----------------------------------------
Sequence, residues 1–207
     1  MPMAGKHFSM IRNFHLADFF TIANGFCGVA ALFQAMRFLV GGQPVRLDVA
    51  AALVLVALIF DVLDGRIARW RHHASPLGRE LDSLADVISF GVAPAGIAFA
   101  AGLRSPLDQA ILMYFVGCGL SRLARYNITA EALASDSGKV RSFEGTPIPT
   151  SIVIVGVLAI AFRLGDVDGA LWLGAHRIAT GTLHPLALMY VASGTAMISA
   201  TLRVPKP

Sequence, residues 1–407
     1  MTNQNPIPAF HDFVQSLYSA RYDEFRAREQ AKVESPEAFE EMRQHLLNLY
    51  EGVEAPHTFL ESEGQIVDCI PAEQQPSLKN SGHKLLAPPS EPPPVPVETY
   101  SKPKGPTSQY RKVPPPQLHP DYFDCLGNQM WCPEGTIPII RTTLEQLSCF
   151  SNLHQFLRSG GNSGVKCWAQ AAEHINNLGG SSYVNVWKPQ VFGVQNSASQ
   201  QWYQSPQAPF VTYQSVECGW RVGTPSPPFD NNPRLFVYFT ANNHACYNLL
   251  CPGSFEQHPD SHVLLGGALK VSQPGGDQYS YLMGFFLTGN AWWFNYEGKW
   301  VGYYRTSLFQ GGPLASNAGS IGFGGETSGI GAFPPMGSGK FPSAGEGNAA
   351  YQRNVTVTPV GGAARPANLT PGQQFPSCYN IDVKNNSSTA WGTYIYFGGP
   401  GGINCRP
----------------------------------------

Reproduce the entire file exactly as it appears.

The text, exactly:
Sequence, residues 1–207
     1  MPMAGKHFSM IRNFHLADFF TIANGFCGVA ALFQAMRFLV GGQPVRLDVA
    51  AALVLVALIF DVLDGRIARW RHHASPLGRE LDSLADVISF GVAPAGIAFA
   101  AGLRSPLDQA ILMYFVGCGL SRLARYNITA EALASDSGKV RSFEGTPIPT
   151  SIVIVGVLAI AFRLGDVDGA LWLGAHRIAT GTLHPLALMY VASGTAMISA
   201  TLRVPKP

Sequence, residues 1–407
     1  MTNQNPIPAF HDFVQSLYSA RYDEFRAREQ AKVESPEAFE EMRQHLLNLY
    51  EGVEAPHTFL ESEGQIVDCI PAEQQPSLKN SGHKLLAPPS EPPPVPVETY
   101  SKPKGPTSQY RKVPPPQLHP DYFDCLGNQM WCPEGTIPII RTTLEQLSCF
   151  SNLHQFLRSG GNSGVKCWAQ AAEHINNLGG SSYVNVWKPQ VFGVQNSASQ
   201  QWYQSPQAPF VTYQSVECGW RVGTPSPPFD NNPRLFVYFT ANNHACYNLL
   251  CPGSFEQHPD SHVLLGGALK VSQPGGDQYS YLMGFFLTGN AWWFNYEGKW
   301  VGYYRTSLFQ GGPLASNAGS IGFGGETSGI GAFPPMGSGK FPSAGEGNAA
   351  YQRNVTVTPV GGAARPANLT PGQQFPSCYN IDVKNNSSTA WGTYIYFGGP
   401  GGINCRP